Sahara migrant survivor: I buried my family

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14-year-old Shafa: "Some 15 of us died on the second day"

The bodies of 87 people, thought to be migrants, were discovered in the Sahara desert in the north of Niger on Wednesday. They died of thirst when their vehicles broke down en route to Algeria. Shafa, a 14-year-old girl from Niger, survived and told the BBC's Newsday programme her story:

We were on our way to Algeria to visit family members. There were more than 100 of us in a convoy of two vehicles. Our truck broke down and it took a whole day to fix. In that time we ran out of water.

We managed to find a well but there was very little water - one of us climbed down into the well and managed to draw out a tiny amount, but the rest of us went thirsty.

The drivers told us to wait while others went to fetch water, but a night and a day later they had not returned.

That was when people started dying. Some 15 of us died on that second day without water.

We moved on with the dead bodies in the truck. By this time the second vehicle had returned with some water, Alhamdulillah (thanks to God).

We came across some Algerian security forces - but the drivers turned around because they didn't want to be caught carrying us since this was illegal.

They asked us to hide inside a trench, we spent another night there - so that is three nights in a row without any water.

One woman started complaining and one of the drivers used a hose to beat us.

Many women and children died. The drivers had some water in jerrycans but kept it for themselves.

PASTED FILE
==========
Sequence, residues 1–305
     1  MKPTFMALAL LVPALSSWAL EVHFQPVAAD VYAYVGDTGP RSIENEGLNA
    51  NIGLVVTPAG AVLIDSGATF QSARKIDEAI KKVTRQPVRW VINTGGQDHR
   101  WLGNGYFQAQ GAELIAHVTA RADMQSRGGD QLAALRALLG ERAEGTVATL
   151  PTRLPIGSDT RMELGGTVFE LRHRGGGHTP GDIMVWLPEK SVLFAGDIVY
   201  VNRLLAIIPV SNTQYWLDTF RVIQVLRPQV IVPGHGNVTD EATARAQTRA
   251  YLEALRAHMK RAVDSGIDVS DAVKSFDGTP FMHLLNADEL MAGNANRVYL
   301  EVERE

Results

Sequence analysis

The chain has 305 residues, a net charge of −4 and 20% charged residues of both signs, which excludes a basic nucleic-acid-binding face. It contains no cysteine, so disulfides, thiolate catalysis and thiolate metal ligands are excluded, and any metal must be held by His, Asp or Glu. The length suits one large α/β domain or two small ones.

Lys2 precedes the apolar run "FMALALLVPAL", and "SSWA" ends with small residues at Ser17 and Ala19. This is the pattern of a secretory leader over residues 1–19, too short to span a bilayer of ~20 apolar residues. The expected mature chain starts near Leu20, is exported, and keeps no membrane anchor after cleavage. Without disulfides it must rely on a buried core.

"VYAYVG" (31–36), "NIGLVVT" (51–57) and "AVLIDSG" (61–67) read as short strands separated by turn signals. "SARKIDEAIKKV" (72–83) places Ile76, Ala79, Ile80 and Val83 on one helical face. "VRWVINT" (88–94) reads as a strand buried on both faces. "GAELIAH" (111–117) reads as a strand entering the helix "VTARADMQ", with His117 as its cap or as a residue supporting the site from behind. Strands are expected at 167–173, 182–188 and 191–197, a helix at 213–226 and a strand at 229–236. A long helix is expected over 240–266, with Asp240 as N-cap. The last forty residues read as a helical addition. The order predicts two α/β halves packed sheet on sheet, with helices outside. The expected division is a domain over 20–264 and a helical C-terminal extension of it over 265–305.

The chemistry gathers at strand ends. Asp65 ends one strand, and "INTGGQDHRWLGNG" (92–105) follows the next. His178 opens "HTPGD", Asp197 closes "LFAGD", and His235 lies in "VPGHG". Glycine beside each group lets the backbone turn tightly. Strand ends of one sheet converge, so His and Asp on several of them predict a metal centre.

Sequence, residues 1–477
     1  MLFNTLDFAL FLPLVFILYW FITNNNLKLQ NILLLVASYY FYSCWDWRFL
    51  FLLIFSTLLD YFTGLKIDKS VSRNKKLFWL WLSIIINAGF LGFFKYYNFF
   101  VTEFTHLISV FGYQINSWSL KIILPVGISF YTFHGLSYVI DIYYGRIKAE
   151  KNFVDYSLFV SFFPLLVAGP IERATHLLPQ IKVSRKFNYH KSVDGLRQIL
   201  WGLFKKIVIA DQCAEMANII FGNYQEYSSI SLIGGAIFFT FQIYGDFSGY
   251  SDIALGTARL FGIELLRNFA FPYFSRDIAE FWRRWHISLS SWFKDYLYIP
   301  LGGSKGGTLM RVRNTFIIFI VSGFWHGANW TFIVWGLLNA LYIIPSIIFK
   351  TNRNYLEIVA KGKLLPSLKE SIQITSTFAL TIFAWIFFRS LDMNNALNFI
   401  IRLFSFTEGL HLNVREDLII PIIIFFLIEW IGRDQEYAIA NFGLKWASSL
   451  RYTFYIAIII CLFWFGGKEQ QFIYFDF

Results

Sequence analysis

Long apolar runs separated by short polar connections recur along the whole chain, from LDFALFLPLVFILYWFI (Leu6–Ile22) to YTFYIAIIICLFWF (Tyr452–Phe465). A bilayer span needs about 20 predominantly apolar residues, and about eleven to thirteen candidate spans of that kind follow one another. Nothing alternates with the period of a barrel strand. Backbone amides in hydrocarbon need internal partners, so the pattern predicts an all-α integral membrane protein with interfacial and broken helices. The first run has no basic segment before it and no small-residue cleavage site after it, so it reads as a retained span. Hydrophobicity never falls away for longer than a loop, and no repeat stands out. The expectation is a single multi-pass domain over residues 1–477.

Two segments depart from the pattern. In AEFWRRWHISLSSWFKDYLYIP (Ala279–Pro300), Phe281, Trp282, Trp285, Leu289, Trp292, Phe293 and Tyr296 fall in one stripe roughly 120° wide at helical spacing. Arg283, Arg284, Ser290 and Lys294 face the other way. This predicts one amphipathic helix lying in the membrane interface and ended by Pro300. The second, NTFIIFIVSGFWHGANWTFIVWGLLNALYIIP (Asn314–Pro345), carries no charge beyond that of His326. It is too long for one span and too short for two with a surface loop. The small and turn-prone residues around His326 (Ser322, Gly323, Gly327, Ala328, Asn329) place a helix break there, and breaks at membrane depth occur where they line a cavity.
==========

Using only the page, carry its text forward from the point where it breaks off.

'I buried them'

From there they took us back into Niger. Our water ran out again. There we were, hungry and sitting amidst corpses in the truck.

Once we were in Niger, the drivers removed the bodies from the truck for burial. They laid them out on the ground - mothers first, then their children on top of them.

Those of us who were still able to move were told we would be taken back to our village. On the way, we ran out of petrol and they asked us to give them money to buy more.

They told us to get out of the car while they went to get the fuel. They never came back.

We waited for two days in the desert - no food, no water - before we decided to start walking.

Some vehicles passed by, we tried to stop them but no-one would stop. One of the passing cars even knocked down three of our group and killed them.

There were eight of us by now, including my mum and my younger sisters. When we got tired, we sat under a tree, and that was where one of my sisters died. We buried her there.

Then we continued walking and after a day, my second sister died. Then on the third day my mother died. I buried all of them myself.


None of the vehicles that passed by agreed to stop and pick me up.

After a while I found a tree and sat under its shade, almost giving up at that point... then a car came by.

I took off my blouse and started waving it wildly. He stopped and asked me what happened and I told him. They gave me some milk, then water and rice cake.

I ate a little bit but I couldn't continue, then they made me some tea.

It was only then that we carried on travelling towards Arlit, where I was reunited with my grandfather.

So here I am - my father died long ago, now my mother is dead, I have no sisters, no brothers.

I am living with my aunt. I heard that only myself and a little girl and 18 men survived the journey out of more than 100 of us.

Migration routes across the Sahara desert

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